Innovation's Role in the Israeli Cyber Strategy

Innovation improves economic performance, enables the defenders to keep pace with the ever-expanding threat landscape, and enriches the toolbox and maneuvering ability of policymakers. The Israel National Cyber Directorate is hard at work cultivating innovation in the national cyberspace. Exclusive

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As the 2019 edition of Cybertech concludes, we look in satisfaction on yet another successful year for the Israeli cybersecurity sector, having attracted more than $1 billion in private investments, a figure representing a 22% increase from 2017. Dozens of new startup companies have joined the existing plethora of hundreds of corporations and multinationals dealing with cybersecurity in Israel, making it the second richest cyber ecosystem globally.

Innovation, of course, has strategic importance: it improves economic performance, it enables the defenders to keep pace with the ever-expanding threat landscape and it also enriches the toolbox and maneuvering ability of policymakers. These insights are trivial. What's less trivial is how to implement them from the government perspective.

Consider the cyber protection of critical sectors. Most of these sectors are going through massive digital disruption: the energy, transportation, health, and similar sectors are getting "smarter," more interconnected and dependent upon data, automation and digital communication. These developments erode the already thin border between the physical and digital and will necessarily exacerbate the price of cyber vulnerability.

Innovation faces several roadblocks in these cases, mainly because most countries, including Israel, don't house all the necessary stakeholders needed to promote innovation. For example, even though the cyber threat to smart cars is substantial in theory, both OEMs, infrastructure operators, regulators, and cyber vendors are required in order to even ask the correct questions, let alone working on solutions. To that end, the Israel National Cyber Directorate (INCD) promotes open innovation arenas, each with a critical theme. These arenas will be modeled along private-public partnership lines, forming unique cooperation between government and academia in industry.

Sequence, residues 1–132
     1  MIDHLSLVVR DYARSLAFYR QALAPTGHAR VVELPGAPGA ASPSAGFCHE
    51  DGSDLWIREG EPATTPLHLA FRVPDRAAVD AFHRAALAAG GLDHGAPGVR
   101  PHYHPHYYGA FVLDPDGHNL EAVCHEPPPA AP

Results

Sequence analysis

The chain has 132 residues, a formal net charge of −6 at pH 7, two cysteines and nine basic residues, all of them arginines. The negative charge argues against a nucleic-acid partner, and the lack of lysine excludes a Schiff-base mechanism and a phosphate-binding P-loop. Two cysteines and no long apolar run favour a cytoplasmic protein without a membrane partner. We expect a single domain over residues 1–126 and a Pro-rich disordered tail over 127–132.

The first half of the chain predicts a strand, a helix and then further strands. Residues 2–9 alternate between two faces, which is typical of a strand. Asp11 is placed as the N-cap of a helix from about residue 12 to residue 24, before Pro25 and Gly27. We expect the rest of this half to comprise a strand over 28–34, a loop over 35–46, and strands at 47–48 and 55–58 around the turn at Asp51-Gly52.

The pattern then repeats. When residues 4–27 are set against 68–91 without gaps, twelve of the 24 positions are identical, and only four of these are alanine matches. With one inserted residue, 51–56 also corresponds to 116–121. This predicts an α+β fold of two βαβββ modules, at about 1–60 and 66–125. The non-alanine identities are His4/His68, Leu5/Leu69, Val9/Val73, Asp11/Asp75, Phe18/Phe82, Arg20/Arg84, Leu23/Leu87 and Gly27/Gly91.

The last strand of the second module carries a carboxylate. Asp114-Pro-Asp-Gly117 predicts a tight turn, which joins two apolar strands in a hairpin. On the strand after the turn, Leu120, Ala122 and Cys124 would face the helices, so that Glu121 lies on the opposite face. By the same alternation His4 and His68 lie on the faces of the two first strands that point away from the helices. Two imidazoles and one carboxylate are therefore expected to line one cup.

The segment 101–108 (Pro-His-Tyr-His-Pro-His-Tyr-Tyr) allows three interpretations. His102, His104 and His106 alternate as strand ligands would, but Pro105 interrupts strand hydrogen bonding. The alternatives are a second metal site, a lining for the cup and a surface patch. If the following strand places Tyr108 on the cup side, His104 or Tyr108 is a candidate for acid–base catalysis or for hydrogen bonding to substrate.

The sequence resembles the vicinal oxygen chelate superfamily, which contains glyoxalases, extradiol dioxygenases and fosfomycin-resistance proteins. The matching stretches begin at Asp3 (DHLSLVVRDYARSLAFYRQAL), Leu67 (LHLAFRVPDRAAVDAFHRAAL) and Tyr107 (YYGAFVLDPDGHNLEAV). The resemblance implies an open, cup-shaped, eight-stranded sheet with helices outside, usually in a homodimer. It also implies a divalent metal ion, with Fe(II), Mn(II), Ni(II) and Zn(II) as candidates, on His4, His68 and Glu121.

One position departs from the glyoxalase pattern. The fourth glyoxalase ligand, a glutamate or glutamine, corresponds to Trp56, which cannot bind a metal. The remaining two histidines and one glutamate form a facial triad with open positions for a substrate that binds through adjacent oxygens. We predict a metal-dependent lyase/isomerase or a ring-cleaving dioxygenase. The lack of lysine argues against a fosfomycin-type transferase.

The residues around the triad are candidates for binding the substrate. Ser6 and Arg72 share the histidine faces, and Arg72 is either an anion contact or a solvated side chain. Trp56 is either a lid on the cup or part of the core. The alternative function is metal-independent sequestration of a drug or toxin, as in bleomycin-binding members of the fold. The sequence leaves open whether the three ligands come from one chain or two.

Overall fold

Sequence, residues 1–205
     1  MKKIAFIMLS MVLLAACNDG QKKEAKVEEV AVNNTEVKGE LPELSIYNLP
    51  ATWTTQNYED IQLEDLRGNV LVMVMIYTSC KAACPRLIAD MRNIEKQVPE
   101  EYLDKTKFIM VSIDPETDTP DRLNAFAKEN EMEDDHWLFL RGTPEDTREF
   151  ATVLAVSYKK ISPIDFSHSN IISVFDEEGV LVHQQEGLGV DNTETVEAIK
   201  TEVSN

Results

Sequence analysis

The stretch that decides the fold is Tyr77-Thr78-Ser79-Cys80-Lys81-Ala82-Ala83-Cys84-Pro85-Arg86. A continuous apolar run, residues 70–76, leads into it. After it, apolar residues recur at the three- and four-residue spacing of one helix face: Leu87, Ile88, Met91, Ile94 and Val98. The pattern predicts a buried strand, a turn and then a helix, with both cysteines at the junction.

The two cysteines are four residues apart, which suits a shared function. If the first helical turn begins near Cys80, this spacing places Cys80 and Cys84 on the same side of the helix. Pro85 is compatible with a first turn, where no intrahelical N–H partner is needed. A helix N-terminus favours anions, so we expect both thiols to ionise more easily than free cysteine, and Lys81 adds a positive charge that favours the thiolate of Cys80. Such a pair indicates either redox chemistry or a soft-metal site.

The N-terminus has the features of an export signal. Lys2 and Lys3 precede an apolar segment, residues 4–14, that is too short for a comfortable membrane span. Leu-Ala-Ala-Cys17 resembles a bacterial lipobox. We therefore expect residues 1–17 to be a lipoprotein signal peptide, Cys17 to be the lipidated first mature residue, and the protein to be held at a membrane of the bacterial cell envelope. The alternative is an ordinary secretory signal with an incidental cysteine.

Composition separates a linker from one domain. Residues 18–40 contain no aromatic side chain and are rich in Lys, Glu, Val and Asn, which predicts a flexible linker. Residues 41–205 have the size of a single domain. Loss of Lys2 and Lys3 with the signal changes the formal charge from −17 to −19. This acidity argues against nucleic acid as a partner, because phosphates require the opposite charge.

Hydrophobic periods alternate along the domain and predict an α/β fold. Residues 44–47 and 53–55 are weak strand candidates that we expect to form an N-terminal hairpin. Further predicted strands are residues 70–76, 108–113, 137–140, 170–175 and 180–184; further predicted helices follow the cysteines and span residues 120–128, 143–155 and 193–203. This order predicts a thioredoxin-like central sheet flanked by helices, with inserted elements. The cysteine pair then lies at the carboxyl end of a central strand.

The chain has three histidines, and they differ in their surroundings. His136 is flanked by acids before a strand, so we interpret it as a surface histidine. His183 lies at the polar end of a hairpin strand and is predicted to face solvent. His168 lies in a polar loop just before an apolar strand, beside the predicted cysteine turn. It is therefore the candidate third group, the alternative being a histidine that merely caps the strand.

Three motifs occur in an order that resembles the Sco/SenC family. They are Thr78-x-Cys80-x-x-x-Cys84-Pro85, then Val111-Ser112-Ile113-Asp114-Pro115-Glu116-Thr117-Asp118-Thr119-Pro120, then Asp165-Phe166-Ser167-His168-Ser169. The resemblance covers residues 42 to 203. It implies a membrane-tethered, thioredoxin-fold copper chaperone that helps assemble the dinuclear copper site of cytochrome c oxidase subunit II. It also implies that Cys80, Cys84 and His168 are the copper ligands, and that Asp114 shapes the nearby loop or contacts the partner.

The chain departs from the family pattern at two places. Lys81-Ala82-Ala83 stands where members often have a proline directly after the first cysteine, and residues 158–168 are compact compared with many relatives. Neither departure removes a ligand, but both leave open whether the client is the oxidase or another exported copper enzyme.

A national ICS-Energy lab is already in the implementation phase and the financial-cyber arena will be announced soon. Transportation in health is in line with additional projects planned in the coming years. All of these arenas will enjoy a unique combination of public sector resources and expertise, supporting the dynamism and entrepreneurship of the private sector. Together, we hope to see these arenas as an "innovation reactor," positively influencing the startup R&D scene, giving it substantial value and honing its advantages.

Working on the offering, however, isn't enough. Incentives need to be created for large conservative organizations to adopt innovative products and help them mature and become more effective. The INCD has recently launched two important initiatives in that regard. First, the "Meteor" scheme designated to streamline government acquisition of innovative cyber solutions, through a centralized professional evaluation process. Second, a pilot incentive program which supports financially the ability of vendors and customers to conduct PoC projects for the benefit of both sides.

But what is to be done when the private sector is not ready to lead? A good example is the civil aviation sector. The threat landscape is growing fast, but commercial methodologies and technologies are very far from keeping up. For various reasons, the market's reaction is slow and more dramatic government intervention is warranted. Due to this, the INCD has designated the cyber protection of civilian aviation as a national project in which the government will take the lead. A national steering committee, combining all relevant stakeholders, oversees a wide effort of analyzing the risks and initiating R&D efforts to start the journey of mitigating the problems and demonstrating viable countermeasures, all the while collaborating with peer governments and other partners worldwide. Similar efforts are being promoted regarding the security of hospitals and digital healthcare in general.

Conversely, there are areas in which the public functions of regulation and operation await a technological breakthrough in order to be relevant. A prime example is "influence campaigns," the use of cyberspace by nation-states and other malicious actors in order to weaken morale, manipulate public opinion and subvert liberal-democratic institutions. This phenomenon poses major challenges to policymakers as all policy choices at the moment seem risky, shaky and lack a solid cost-effect. Can AI-driven forensics analytics allow, in time, for better options? Possibly. When confronting forward-looking "hard" problems such as these, deep and expansive R&D efforts are needed. The INCD "cyber breakthrough" program is aimed at encouraging ultra-high-risk private R&D projects geared towards these problems. Failure is a natural part of this program. The government's role here is to guide and support ventures which no private VC will dare back, but has a true dramatic "game-changing" potential to tilt the balance towards the defenders.


Yigal Unna is the Director-General of the Israel National Cyber Directorate